The Ambiguities of Brexit
March 08, 2017
The Present Situation
The United Kingdom only approached the European Project after the rapid disintegration of the British Empire, when federalism appeared to be the only path to sustain national relevance. Nonetheless, British membership was twice vetoed by the French, and when the United Kingdom finally ascended to the European Economic Community, continued membership was domestically divisive. From the right, conservatives rebuked the European Community’s infringement on national sovereignty, while trade-unionists in the Labour Party feared supranational corporate power and free-trade agreements.
Across the political spectrum, Euroscepticism has been a persistent factor in British politics. The European Community’s reputation in the United Kingdom has not been aided by events; British membership in the EEC failed to provide the promised economic remedy of the 1970s, Black Wednesday caused billions of dollars of losses to taxpayers, immigration intensified to record highs, unpopular Brussels directives made front-page headlines, and the Great Recession tainted Europe’s financial record. Whether these accusations were justifiably attributed to the European Union or not, the European Union became the catch-all boogeyman of the United Kingdom. The combination of these public disasters, compounded by widespread discontent with the so-called “London elite,” created a predictable backlash against the supposed embodiment of these discontents: the European Union. In June 2016, the British public backed British departure from the European Union by a vote of 52% - 48%.  Despite recent accusations to the contrary, there is little indication of “Bregret” — promises of restored sovereignty and reduced immigration remain foremost in the public mind. 
In the aftermath of the referendum and the resignation of David Cameron, Prime Minister Theresa May resolved the controversy over whether Britain’s exit would be a soft-or-hard Brexit with the definitive answer that “Brexit means Brexit.” But even that assertion proved to be short-lived. A few weeks afterwards, the Her Majesty’s High Court ruled that Prime Minister May could not trigger Article 50 [the mechanism for EU departure] without the consent of Parliament.  Beyond the legal reality, the political results of the referendum have demonstrated a clear disconnect between the pro-Remain Parliament and the pro-Leave public. A recent map of the UK indicates that many MPs will have to cautiously maneuver next election as to not upset their constituents and lose their seats.  The issue is compounded by the marginality of the election result; the same source indicates that several MPs face a slim divide among constituents as to whether they wish to leave or stay in the European Union. Conservative MP Byron Davies of Gower, who supported Remain, presides over a constituency that voted 51.5% for Leave and 48.5% for Remain. The division in the political class will compound departure from the European Union; Theresa May will have to maneuver around internal party factions, a pro-Remain parliament, and European negotiators.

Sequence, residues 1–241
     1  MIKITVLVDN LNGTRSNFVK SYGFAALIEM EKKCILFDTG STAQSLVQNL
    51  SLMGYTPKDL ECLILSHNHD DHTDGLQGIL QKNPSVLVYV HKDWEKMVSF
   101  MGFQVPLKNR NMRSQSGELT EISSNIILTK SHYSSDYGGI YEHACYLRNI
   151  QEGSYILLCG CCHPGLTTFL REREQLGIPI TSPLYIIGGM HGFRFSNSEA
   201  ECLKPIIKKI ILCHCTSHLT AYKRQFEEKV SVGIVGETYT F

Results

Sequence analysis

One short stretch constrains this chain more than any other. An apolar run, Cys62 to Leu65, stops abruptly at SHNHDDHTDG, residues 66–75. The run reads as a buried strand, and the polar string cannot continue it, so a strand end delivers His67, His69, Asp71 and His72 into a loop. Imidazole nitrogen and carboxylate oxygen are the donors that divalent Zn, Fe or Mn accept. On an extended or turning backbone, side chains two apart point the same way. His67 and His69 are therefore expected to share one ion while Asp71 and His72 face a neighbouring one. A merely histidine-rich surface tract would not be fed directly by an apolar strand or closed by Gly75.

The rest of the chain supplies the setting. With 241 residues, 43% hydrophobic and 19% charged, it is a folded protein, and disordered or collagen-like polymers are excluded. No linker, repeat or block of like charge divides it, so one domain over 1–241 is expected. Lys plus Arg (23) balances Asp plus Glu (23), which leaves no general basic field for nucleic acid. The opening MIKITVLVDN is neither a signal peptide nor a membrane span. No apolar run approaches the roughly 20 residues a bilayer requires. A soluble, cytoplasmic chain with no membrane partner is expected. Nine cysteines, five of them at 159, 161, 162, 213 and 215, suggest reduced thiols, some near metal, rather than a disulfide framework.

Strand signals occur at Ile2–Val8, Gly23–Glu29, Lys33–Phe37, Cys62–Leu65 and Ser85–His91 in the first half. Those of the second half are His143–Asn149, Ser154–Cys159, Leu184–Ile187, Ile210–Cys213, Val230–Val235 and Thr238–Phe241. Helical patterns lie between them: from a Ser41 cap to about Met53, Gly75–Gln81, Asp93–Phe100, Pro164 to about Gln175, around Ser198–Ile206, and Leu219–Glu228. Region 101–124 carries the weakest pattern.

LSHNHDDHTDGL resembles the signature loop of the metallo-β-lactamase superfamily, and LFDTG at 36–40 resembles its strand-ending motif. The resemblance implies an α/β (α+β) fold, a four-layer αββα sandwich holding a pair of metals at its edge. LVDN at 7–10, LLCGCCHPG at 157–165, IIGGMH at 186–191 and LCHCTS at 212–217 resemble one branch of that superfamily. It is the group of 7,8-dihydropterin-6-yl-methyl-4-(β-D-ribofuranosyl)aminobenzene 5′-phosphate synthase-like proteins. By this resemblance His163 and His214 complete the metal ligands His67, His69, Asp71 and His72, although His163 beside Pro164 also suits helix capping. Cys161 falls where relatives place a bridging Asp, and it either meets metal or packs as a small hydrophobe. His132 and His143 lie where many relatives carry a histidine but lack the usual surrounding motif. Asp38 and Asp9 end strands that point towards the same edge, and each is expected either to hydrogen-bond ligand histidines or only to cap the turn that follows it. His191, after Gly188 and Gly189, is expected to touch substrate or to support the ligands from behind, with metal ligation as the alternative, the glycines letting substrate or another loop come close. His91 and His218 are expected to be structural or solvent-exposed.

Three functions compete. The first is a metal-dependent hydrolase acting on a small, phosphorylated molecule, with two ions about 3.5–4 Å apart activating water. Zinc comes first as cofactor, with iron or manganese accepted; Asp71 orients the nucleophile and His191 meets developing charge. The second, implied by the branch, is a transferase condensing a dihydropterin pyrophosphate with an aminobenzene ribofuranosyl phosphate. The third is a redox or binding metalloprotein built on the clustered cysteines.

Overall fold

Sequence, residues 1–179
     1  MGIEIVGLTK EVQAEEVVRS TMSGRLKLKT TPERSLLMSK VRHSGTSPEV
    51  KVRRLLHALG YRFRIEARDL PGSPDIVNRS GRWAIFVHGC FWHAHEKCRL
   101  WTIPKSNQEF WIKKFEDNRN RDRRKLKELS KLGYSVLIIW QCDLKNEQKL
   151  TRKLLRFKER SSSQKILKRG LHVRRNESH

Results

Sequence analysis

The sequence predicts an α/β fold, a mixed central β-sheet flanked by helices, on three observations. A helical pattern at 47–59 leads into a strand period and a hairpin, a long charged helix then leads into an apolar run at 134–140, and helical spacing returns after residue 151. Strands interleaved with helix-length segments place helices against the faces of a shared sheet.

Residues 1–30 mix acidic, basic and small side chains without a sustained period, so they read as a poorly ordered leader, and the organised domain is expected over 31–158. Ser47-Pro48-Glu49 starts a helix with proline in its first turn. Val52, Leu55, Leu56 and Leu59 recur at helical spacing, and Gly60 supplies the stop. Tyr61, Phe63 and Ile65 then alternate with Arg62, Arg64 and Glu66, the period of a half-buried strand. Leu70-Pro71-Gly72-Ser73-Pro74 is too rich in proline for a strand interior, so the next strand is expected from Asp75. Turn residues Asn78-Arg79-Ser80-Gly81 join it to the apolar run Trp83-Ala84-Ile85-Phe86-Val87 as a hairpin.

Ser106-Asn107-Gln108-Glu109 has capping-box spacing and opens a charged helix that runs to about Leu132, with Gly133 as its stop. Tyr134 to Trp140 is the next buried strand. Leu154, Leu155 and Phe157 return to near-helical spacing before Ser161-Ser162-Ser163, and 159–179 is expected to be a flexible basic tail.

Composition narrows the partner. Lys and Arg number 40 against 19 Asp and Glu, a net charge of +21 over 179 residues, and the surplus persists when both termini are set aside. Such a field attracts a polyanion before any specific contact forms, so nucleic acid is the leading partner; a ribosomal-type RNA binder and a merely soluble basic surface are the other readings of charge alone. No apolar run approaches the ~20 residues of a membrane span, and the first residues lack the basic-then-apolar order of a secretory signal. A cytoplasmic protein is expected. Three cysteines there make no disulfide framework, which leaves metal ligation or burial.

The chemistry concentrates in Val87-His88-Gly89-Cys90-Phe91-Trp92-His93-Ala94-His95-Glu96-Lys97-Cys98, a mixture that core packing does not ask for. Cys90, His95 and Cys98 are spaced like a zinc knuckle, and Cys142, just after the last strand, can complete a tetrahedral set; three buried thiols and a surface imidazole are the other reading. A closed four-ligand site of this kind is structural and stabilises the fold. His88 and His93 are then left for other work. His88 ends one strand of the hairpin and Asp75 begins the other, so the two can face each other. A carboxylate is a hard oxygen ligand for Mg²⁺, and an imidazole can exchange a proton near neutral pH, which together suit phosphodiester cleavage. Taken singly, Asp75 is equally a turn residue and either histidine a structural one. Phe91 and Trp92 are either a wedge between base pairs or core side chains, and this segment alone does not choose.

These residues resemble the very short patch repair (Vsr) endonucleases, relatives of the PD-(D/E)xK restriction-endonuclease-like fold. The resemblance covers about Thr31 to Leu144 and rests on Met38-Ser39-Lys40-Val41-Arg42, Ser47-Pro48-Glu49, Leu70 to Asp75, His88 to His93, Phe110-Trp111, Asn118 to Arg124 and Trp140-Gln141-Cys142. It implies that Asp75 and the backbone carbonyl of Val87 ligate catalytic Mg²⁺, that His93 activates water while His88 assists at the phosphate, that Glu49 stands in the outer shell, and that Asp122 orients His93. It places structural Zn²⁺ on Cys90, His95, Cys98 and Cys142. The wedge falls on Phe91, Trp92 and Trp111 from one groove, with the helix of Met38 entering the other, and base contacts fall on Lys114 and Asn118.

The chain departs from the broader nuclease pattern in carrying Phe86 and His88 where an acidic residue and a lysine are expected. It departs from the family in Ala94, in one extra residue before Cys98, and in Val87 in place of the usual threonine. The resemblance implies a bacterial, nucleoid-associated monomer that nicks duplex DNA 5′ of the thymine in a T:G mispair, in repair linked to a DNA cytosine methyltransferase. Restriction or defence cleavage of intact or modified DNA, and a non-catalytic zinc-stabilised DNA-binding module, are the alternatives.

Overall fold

Trade Ambiguity and Opportunity
As the world’s ninth-largest exporter and the eleventh “most complicated” trade country, the United Kingdom already had a unique trade situation before Brexit.  But the recent vote for British departure from the European Union has caused ambiguity across trade lines. After the United States, the next four major importers from the United Kingdom are all constituent members of the European Union.  As current EU trade relations with the United Kingdom are uncertain, the British economy is languishing between economic opportunism and financial trepidation.
The biggest question for many exporters and importers is the possibility of a renewed enactment of tariffs on a considerable portion of the $473 billion (USD) that constitutes British exports. While exporters would prefer to see the continuation of the tariff-free European Single Market, the issue is complicated by supranational regulations.  If the United Kingdom maintains the tariff free trade-zone enshrined under the Single European Act (SEA), the free-trade preservation will cause a stir within the World Bank Organization, which highly discourages so-called favoritism of trading partners.  The British Government will therefore be compelled to participate in lengthy trade negotiations to ensure that the United Kingdom can benefit from favorable trade agreements without violating the regulations of the World Trade Organization.